What’s next for Dr. Dan Cherkin, investigator emeritus?

Retired but still contributing, GHRI’s renowned alternative-care researcher pursues alternatives to the 40-hour work week.

Q: Well, Dan, how does it feel to be retiring after 31 years at Group Health Research Institute?

Dan: I have mixed feelings. Retiring now feels right for me but I will miss my daily interactions with so many colleagues who have made my time at GHRI so enjoyable and meaningful.

Q: What do you consider your research team’s greatest contributions to knowledge?

Dan: I believe our team made important contributions to the understanding of ways in which care for back pain can be improved. Our research highlighted the importance of looking beyond the often unhelpful (and sometimes harmful) conventional medical approaches to back pain by documenting through rigorous research, the value of “alternative” approaches (e.g., acupuncture, massage, mindfulness meditation, yoga) and by highlighting important effects of “contextual” factors (e.g., clinician-patient relationships) on patient outcomes (healing).

Q: Was there any event during your time at GHRI that stands out in your mind?

Dan: Yes. In 2000, several key leaders left during a short period of time. I began serving as acting director; a role I held for two years. Because I did not have much leadership experience, this was the most challenging and growth-producing period of my professional life. With the partnership and support of the remaining leaders at the Institute (and Hugh Straley, a Group Health leader who I reported to), we managed to restore our leadership and management team and strengthen our relationship with Group Health leadership. I feel proud of what our transitional leadership team was able to collectively accomplish.

Q: Were there any disappointments or frustrations you will remember?

Dan: Yes, during the last 10 years I often struggled trying to obtain adequate grant funding to sustain our research program. Running faster and faster (i.e., writing more and more grants) didn’t result in obtaining adequate funding and was draining. Fortunately, I think the funding situation for research on chronic pain is finally improving as a result of widespread alarm about the epidemic of opioid addictions and death.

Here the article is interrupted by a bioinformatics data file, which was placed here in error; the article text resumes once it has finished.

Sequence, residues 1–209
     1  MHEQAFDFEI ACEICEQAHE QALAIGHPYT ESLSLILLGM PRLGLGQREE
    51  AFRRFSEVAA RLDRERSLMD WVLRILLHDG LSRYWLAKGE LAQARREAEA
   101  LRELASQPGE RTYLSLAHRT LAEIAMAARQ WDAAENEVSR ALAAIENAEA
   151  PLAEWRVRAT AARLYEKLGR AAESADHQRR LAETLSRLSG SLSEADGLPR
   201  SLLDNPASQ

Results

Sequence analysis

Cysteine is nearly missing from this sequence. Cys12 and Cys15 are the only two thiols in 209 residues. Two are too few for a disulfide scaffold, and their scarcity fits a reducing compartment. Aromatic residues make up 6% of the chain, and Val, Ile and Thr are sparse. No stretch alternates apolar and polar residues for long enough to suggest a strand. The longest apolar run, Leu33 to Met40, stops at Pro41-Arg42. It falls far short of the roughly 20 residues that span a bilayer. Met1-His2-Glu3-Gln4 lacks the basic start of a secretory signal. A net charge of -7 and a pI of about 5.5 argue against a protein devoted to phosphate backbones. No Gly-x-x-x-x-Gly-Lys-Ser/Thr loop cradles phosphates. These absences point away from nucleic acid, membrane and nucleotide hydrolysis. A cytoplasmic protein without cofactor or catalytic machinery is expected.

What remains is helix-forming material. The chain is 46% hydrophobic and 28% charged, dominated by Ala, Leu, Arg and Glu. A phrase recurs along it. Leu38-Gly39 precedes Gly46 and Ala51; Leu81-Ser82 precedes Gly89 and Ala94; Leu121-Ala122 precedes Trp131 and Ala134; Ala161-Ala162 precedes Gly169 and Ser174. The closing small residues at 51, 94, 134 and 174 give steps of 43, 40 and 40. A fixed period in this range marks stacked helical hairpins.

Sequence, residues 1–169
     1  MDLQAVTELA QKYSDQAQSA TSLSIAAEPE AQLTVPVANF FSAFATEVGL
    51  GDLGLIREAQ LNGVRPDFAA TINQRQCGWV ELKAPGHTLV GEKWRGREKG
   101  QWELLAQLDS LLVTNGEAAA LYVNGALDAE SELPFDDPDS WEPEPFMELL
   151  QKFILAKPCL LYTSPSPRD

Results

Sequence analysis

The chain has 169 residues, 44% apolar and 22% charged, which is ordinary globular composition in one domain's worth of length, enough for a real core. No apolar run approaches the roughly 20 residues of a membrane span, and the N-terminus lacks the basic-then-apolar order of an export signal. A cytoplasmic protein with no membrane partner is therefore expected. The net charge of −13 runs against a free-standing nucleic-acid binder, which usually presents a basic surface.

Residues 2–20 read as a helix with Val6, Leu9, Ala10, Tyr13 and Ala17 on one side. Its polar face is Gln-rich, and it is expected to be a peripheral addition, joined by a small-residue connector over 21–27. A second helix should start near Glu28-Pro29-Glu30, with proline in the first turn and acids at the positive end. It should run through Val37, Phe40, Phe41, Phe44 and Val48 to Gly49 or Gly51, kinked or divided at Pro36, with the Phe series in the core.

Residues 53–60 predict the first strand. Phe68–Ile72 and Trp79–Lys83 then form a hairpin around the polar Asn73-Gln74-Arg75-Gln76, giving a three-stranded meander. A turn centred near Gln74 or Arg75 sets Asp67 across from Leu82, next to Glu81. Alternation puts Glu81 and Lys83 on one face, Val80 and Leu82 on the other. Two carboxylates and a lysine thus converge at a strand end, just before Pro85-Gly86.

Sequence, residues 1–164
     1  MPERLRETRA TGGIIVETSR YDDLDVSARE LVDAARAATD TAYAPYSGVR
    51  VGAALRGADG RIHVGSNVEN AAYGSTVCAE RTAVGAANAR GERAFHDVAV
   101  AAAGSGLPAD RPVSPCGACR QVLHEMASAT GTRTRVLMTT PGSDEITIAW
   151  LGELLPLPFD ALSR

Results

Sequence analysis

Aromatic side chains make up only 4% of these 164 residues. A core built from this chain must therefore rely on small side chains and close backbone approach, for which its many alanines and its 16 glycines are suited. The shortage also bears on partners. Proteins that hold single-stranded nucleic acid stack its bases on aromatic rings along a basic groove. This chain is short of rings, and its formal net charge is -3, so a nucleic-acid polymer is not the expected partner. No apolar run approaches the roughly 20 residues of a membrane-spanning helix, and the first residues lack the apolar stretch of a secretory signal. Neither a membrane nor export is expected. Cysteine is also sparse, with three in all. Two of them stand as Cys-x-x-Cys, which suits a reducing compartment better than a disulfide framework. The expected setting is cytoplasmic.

Q: What do you plan to do in your retirement?

Dan: In a few days, Wendie and I will be leaving for a two-week vacation in France, during which I hope to clear out my work-focused brain and allow ideas for what I want to do to emerge naturally. I definitely look forward to spending more time with my family and friends, traveling, reading, embracing new experiences and even puttering around the house.

Q: Will you be completely hanging up your research spurs?

Dan: No. I will be working to complete several manuscripts over the next several months. I have no desire to write more grant proposals, but still feel invested in supporting efforts to improve care for back pain. I believe I have learned a lot over the past three decades that could be helpful to organizations committed to taking the actions necessary to make meaningful improvements in care processes and patient outcomes. Thanks in part to the research we have done at GHRI, we now know ways in which we can improve care for back pain. The problem is actually implementing that knowledge into policy, medical education, and practice. I am looking forward to continuing to work with Group Health leadership on a pilot study of an innovative approach to improving care for back pain. Another recent opportunity that I am enjoying is serving on a planning committee for a state-of-the-art conference on non-pharmacologic approaches to chronic pain sponsored by the Veterans Administration. This could lead to the development and evaluation of some cutting edge innovative approaches in the VA setting. I would also like to publish some “thought pieces” in influential medical journals to help promote the changes in thinking about back pain that I think are necessary for changes in policy, education, and practice to occur.

Because of my continuing interest in the fields of back pain and “healing” more generally and my desire to remain connected with my friends and colleagues at GHRI, I have applied for and have been granted “emeritus” status. This will allow me to maintain a presence at GHRI, including a work space, my Group Health email, and access to my e-files and resources such as the online Group Health medical library. I am not yet sure how often I will appear at GHRI, but I remain interested in helping the Institute, the CAM and back pain research teams, and junior faculty in any way I can.

Q: Any final thoughts, Dan?

Dan: Yes, I want to say that I feel very lucky to have been a part of the remarkable success of GHRI over the years. The leadership, researchers, and staff are first-rate and have collectively created an exceptional research institute that is highly and widely respected across the country and around the world. A key part of our success has been attracting and retaining individuals across all job categories who are not only very competent and productive, but also thoughtful, kind, and compassionate. I wish you all the best for continued success in the future and will miss you.